At one point the captain decided to get everyone back aboard ship to head off any huge problem. Obviously it took a little time to find all of those who had gone ashore, and there was one minor fight; but no injuries were reported.

There was on very unfortunate incident that brought a lot of sadness to the crew. We had pulled into a small cove and had a beach party. The crew rode the boats to an island where we had a picnic, with games and some beer. One member swam too close to one of the boats as it was heading back to the ship. He got too close to the boat, was caught in the propeller and died instantly from his injuries. Everyone felt his loss and sorrow for his family. We held a very heart touching and somber ceremony as his remains were airlifted off the ship to begin his journey home.

As we headed home we hit some rough weather, and a ship with a flat bottom does not ride very well in big waves. Eating dinner in the mess hall was a real thrill; you had to hold your tray with one hand, and lift it in the opposite direction of how the ship was rolling.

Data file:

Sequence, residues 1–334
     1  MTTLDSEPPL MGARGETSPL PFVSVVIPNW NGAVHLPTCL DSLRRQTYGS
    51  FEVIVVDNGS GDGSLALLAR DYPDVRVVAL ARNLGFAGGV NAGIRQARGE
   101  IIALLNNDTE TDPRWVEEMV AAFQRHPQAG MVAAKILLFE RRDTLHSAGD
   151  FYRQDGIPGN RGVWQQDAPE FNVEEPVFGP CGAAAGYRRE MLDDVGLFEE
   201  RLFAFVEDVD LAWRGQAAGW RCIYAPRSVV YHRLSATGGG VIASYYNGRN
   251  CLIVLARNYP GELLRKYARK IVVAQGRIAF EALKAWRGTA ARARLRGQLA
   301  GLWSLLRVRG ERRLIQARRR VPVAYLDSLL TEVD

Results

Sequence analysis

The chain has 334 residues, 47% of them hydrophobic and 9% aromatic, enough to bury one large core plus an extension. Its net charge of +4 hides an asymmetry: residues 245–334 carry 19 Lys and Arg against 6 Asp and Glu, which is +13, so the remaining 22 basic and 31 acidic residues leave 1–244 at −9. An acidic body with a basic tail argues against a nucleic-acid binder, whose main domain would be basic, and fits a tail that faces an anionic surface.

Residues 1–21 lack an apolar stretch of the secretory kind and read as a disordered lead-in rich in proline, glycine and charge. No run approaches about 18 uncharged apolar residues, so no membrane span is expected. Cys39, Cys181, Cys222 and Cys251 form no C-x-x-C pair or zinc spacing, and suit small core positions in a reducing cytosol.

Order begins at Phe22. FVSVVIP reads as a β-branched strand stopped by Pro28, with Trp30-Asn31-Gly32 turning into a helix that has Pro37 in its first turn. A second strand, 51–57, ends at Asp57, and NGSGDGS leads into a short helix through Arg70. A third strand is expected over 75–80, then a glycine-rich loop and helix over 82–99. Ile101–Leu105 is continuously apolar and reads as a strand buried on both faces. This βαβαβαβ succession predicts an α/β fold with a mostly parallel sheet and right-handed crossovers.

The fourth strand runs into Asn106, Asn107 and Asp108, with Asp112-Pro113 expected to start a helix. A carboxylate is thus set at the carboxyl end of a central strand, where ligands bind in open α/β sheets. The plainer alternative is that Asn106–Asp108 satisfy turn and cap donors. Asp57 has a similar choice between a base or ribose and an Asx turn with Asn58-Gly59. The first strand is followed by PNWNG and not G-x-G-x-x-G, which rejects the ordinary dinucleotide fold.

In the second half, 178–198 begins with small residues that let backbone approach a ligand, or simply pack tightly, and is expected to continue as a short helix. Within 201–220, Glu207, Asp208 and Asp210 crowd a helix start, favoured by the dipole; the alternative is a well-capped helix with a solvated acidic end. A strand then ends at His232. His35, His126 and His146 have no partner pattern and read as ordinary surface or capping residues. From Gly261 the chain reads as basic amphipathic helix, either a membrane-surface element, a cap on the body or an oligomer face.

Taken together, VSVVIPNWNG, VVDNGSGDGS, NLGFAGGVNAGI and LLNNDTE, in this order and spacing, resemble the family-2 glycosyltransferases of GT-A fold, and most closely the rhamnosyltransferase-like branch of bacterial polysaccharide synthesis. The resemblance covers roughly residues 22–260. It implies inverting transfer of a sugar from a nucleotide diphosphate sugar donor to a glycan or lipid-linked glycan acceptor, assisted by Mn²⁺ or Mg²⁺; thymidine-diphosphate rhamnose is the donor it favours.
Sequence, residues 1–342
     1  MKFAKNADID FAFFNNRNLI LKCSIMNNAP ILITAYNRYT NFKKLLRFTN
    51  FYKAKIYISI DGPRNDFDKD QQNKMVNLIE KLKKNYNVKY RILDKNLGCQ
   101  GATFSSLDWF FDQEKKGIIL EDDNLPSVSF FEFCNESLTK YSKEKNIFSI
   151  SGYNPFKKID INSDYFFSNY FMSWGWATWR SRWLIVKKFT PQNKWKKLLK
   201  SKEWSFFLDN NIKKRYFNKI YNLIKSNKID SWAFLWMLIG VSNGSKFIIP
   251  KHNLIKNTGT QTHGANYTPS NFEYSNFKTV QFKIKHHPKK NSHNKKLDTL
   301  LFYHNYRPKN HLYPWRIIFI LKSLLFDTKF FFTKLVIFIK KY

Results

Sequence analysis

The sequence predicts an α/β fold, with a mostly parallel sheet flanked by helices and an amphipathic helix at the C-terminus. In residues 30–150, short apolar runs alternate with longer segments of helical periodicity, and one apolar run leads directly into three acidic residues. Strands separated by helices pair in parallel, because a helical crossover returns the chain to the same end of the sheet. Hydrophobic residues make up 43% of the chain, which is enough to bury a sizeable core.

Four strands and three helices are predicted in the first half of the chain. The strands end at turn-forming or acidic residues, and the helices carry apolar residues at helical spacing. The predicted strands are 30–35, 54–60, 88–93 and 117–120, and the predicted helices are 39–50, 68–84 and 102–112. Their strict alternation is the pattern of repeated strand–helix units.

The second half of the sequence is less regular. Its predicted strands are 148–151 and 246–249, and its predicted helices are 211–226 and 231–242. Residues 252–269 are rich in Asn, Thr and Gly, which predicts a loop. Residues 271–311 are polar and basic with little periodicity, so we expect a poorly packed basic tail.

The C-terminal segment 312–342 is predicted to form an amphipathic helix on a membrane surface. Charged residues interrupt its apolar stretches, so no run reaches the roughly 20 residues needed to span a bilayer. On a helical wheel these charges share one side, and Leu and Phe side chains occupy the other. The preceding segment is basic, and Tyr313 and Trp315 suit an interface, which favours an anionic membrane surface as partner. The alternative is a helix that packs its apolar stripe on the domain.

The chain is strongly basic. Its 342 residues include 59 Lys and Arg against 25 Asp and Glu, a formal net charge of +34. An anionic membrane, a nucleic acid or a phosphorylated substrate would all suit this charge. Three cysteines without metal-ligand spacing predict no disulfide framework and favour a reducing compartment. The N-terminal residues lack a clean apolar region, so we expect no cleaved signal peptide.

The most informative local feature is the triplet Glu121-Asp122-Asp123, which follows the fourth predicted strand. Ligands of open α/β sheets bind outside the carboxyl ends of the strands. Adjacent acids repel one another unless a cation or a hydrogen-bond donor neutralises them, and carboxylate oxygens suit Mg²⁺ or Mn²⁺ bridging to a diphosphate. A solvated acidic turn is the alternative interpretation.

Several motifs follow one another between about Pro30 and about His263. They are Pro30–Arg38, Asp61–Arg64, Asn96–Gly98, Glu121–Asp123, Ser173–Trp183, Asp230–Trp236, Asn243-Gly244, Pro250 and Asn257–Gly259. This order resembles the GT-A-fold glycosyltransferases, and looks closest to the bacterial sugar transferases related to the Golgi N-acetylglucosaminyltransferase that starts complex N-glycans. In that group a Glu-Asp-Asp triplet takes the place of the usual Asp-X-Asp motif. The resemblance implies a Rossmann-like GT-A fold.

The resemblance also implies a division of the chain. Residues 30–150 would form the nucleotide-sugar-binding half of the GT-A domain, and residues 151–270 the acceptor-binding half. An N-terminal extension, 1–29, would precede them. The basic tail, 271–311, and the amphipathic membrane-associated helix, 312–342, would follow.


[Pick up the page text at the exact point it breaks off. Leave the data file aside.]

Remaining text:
The weather was so bad that the order was given to “knock off ships work,” which mean everyone could relax. Well, almost everyone; the Radioman Chief told us to keep painting that deck. The ship was taking some very large swells, and at one point rolled about 28 degrees to the port side. Eventually chief Carpenter let us stop painting when it started to rain. To this day I am not sure if we were being punished, the chief thought it was funny, or he just had to have the deck painted.

We lost our “escort” about this time and made the rest of the trip without them, not that they were missed at all.